8” DIY Solar Newton scope:

Utilizing the design concept of A. Whipple and Christian Viladrich, this scope was constructed in the fall of 2015 in Dr. Hrudey’s well equipped home shop. Utilizing an open truss design, the ends of the OTA used 10” Sonotube lengths, a central box of ½” birch plywood and ¾” aluminum tubing for the truss struts.   An off the shelf 8” f/6 mirror was purchased from Agena Astro as well as a 2” GSO Crayford style focuser and, a filter pack comprised of - 1.25” Baader Solar Continuum, IR/UV cut and #3 Neutral density filters. The filter pack is fitted within the focusing tube and, can be removed at will. Initial trials were quite disappointing. Images were fuzzy, even with seemingly good viewing conditions. Multiple avenues were explored and advice sought, including having the mirror assessed by Gordon Waite of Waite Research and suggestions through the Solar Chat forum. Finally, a ZWO ASI174MM camera was purchased for its USB 3 ability and consequent higher frame rate. Voila – made all the difference in the world compared to the much slower DMK41. Not the least, this telescope is probably 1 of 30 in the world!

Lunt 60 PTDS H1a scope:

The Lunt 60 PT was purchased in May 2012 in preparation for the June 5, 2012 transit of Venus and, initially piggy-backed on the 12.5” Newtonian. Images were captured with a MallinCam EX and though adequate, left much to be desired in terms of detail and resolution. Subsequently, an iOptron Pro GEM was purchased as a dedicated mount and used ever since. In the fall of 2014, a DMK41 CCD device was purchased in addition to a Lunt 50mm Double stack. The improvement in imaging was immediately evident and continues in use today.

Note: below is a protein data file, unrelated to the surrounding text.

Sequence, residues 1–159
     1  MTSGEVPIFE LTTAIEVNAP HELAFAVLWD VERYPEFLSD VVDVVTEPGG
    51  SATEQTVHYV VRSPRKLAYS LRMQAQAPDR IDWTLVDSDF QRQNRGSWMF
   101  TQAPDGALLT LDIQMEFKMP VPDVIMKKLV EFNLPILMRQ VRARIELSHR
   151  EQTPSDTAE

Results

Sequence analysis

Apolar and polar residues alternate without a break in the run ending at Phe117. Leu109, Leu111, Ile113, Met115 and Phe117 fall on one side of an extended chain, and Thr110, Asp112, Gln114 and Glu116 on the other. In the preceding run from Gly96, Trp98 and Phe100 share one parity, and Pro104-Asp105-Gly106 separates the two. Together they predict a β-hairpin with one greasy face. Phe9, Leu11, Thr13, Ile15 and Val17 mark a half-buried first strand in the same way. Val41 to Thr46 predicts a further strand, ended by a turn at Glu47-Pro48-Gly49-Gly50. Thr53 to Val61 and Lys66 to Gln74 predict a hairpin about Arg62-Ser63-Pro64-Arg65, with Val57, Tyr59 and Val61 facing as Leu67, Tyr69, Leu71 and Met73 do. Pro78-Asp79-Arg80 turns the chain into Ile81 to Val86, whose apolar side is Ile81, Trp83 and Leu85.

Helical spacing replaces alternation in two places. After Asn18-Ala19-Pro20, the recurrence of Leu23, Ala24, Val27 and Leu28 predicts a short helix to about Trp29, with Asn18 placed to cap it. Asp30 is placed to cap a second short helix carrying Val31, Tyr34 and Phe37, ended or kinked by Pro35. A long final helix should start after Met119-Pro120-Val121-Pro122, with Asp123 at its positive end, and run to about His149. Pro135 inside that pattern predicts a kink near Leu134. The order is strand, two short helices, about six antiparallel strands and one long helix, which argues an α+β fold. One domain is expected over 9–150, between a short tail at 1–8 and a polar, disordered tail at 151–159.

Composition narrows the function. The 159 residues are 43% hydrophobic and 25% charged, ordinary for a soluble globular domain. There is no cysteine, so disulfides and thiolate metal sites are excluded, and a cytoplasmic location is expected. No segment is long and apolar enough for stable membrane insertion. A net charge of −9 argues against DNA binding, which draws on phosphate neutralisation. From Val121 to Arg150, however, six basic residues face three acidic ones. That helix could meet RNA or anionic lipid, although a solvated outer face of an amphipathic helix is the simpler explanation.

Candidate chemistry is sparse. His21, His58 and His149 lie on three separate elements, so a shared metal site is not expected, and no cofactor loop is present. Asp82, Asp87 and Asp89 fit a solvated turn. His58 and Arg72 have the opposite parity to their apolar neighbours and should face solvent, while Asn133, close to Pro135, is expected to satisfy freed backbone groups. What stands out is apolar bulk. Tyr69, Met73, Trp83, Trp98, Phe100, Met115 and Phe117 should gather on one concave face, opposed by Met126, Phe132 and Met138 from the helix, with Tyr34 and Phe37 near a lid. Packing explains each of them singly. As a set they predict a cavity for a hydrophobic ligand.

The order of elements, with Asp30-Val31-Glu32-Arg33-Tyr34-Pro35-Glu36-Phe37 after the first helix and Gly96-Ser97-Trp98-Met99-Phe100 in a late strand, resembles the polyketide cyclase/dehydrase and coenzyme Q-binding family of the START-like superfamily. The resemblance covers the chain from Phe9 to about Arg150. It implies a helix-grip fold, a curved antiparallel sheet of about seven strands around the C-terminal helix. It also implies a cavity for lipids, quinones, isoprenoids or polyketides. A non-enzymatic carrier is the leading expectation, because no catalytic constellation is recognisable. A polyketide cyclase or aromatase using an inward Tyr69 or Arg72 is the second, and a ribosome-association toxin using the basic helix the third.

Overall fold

TS 115mm APO triplet refractor:

This is Dr. Hrudey’s personal scope having been purchased in November 2014 with the intention of exploring white light solar imaging with a 2” Baader Herschel wedge and, eventually DSO’s as it is equipped with an Orion Autoguider and, mounted on an Orion Atlas pro GEM. Additionally, a welded triangular base with castors and locking/levelling feet was constructed. This scope is now used in the Observatory and has captured many w/l solar images. Ultimately, it was recognized that resolution of solar granules was limited by the 115mm objective (Dawe’s limit) and research was begun to explore an 8” Solar Newton using a de-aluminized mirror.

12.5” Newtonian on a split ring equatorial mount:

This scope is used primarily for lunar and planetary imaging. As with all our scopes, it is equipped with remote focusing.  It has its own isolated concrete pier and is driven by Stellarcat drives together with Argo Navis.  A short YouTube video of the 12.5” Newtonian can be seen here:    The original focuser has since been replaced with a 2” Crayford style GSO unit.